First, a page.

The median American household would pay $0 more per year. Those in the top 5% of earners may not pay much more at all, either. You’d have to be at least in the top 1% percent of earners to pay significantly more. Someone with $1 million dollars in annual income, for instance, would pay $93,000 more in Social Security tax.
12 Weeks of Paid Family Sick Leave
Sanders supports a bill authored by New York Senator Kirsten Gillibrand, which would set up a Social Security-style trust fund for employees who need to be absent from work due to a family medical emergency or to take care of a new baby. It would be funded by a 0.4% tax on wages, to be shared equally by employees and employers. Since the vast majority of economists assume that payroll taxes paid by employers are ultimately borne by the employee in the form of lower wages, we’ll assume that each worker will pay 0.4% in tax.
The median American household would pay $189 more per year. Those in the top 5% of earners would pay the maximum $227 more per year year.
Medicare for All
This is, by far, the most radical plan Sanders is running on, and it would cost the most to implement in terms of taxes raised. To pay for Medicare for All, Sanders would institute:
- An 8.4% payroll tax increase for all workers (6.2% paid by employers and 2.2% paid employees);
- New marginal tax rates of 37%, 43%, 48%, and 52% for income earned between $250,000 and $500,000, $500,000 and $2 million, $2 million and $10 million, and above $10 million, respectively;
- An increase in capital gains taxes so that income from investments is taxed at the same rate as income from labor;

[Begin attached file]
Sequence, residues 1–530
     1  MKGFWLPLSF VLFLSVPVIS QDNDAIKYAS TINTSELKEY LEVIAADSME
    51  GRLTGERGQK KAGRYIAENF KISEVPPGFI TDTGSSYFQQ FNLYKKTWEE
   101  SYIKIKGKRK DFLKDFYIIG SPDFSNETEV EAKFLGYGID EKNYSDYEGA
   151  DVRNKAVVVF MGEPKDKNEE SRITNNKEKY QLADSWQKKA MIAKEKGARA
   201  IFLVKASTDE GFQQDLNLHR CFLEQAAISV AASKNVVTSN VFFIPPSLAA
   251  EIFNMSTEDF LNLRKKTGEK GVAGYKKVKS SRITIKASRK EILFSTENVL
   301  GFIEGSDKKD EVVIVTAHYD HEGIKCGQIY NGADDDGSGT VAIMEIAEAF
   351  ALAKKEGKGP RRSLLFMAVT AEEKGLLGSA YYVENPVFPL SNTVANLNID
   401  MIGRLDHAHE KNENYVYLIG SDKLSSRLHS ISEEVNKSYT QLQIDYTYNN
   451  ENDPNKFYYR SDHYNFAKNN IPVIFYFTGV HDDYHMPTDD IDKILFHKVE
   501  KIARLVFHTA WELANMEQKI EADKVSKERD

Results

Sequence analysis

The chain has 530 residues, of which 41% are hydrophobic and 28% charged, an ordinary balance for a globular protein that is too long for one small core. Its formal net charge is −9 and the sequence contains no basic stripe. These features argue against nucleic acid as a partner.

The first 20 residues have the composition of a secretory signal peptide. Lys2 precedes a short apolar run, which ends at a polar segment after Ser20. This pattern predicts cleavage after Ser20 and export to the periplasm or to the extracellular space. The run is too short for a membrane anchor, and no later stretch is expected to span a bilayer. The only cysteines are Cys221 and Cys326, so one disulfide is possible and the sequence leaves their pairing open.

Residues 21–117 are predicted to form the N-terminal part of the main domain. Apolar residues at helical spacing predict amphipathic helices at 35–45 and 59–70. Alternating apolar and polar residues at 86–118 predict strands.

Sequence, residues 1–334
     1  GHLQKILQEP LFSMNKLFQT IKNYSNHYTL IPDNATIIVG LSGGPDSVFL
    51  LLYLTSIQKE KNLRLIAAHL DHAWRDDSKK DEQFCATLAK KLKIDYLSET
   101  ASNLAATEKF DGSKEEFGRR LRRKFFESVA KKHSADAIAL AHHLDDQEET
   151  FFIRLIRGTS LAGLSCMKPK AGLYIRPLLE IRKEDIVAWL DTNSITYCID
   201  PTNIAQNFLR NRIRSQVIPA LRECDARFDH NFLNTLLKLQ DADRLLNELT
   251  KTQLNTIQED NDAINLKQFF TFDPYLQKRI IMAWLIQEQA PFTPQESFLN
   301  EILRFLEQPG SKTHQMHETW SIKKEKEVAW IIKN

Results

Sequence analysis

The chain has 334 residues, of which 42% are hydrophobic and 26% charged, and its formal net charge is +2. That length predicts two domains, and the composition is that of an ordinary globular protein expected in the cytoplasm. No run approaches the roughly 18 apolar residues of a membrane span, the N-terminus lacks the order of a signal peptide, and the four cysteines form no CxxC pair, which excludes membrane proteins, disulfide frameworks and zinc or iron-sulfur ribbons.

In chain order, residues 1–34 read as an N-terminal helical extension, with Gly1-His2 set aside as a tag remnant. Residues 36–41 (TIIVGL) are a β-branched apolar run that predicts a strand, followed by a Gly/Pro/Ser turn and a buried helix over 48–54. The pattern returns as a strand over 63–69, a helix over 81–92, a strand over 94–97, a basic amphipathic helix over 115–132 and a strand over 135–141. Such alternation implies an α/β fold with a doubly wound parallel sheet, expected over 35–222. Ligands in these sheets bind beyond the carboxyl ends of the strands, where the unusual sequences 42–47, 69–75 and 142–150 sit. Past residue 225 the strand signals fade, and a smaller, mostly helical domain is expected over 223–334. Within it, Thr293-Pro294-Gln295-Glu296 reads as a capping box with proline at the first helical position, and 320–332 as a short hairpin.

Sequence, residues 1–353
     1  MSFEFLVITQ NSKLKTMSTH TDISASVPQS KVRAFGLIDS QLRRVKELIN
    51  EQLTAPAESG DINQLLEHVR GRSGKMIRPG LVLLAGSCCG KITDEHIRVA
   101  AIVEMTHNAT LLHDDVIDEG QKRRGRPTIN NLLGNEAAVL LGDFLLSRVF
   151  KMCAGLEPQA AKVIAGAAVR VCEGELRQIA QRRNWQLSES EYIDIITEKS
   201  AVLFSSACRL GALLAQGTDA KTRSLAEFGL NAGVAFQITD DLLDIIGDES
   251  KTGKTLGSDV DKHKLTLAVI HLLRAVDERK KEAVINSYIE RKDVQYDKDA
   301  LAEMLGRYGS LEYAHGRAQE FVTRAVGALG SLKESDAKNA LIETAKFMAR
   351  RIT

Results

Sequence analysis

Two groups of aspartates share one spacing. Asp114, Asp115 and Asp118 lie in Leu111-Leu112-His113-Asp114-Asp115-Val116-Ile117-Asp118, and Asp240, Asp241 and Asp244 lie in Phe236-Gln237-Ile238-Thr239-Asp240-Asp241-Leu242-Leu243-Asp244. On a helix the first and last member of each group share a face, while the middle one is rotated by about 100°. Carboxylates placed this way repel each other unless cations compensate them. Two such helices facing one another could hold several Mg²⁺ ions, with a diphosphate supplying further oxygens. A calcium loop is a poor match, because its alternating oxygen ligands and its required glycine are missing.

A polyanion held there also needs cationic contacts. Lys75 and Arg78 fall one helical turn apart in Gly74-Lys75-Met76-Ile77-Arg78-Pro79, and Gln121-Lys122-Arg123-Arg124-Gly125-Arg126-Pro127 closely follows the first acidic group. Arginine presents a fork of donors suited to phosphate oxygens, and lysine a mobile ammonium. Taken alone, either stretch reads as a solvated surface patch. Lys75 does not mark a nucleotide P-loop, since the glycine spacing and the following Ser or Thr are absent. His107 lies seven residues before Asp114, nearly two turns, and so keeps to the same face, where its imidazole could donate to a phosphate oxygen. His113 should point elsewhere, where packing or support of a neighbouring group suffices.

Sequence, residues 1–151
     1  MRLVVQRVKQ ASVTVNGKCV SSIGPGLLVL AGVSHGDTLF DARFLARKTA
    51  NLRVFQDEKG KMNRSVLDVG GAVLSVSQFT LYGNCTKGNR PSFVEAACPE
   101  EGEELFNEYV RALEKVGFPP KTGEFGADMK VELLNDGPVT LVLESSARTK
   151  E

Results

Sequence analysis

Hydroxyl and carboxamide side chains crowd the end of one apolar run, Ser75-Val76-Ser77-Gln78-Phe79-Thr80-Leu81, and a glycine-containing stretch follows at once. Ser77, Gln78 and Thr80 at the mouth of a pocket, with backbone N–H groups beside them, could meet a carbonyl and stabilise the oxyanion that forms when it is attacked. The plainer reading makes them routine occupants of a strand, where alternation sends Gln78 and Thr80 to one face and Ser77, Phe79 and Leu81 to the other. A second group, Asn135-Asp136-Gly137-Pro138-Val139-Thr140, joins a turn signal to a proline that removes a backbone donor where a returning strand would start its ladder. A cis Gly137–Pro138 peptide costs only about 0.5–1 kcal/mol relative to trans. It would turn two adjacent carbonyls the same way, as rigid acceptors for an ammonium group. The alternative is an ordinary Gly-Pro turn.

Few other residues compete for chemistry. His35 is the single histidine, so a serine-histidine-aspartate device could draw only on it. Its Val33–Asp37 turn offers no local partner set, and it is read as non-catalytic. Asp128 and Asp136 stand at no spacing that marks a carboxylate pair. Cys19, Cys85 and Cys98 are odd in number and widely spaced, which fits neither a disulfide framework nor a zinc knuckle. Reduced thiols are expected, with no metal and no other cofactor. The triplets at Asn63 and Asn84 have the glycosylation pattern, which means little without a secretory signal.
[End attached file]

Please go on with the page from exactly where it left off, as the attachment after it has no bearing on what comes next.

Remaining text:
- Limiting tax deductions for the wealthy;
- And an increase in the inheritance tax for estates that pass on more than $3.5 million in assets to its heirs.
The median American household would pay $3,977 more per year in payroll taxes. (This includes the employer portion, assuming that employers respond to the tax by lowering wages). Those in the top 5% of earners would pay at least $15,753 more per year in payroll and income taxes.
A few things become clear when looking at these numbers. One is that the middle class is not looking at very large tax increases at all, and what taxes they do spend would in many cases be more than compensated for in the form of free healthcare. But the top 5% of earners would be in for very large tax increases, indeed.
The second takeaway is that the only truly transformational idea that Sanders is running on is his Medicare for All plan. The financial transaction tax would be difficult for the financial services industry to deal with. Certainly, there would be some businesses, like high frequency traders, that would have trouble staying afloat. But it appears to be a great source of revenue for any number of programs the federal government might want to fund, including subsidizing higher education. That’s likely why so many other governments, even financial centers like the United Kingdom, have adopted it.
Sander’s toughest sell will be his healthcare plan. While he is right that most other countries have more efficient healthcare systems than the United States does, there’s major disagreement among even left-leaning healthcare economists over whether the United States can easily get its costs down to where they’d need to be for Medicare for All to work as Sanders imagines it. Furthermore, most Americans get their healthcare through their employer, and they may be nervous about giving that up, even if they are promised something better.
And finally, despite the fact that Sanders tax plan wouldn’t raise taxes very much for most taxpayers, he still is running on the idea of raising everyone’s taxes. That’s not a message that has ever resonated with the American people, though Sanders recent success could be evidence that this is changing.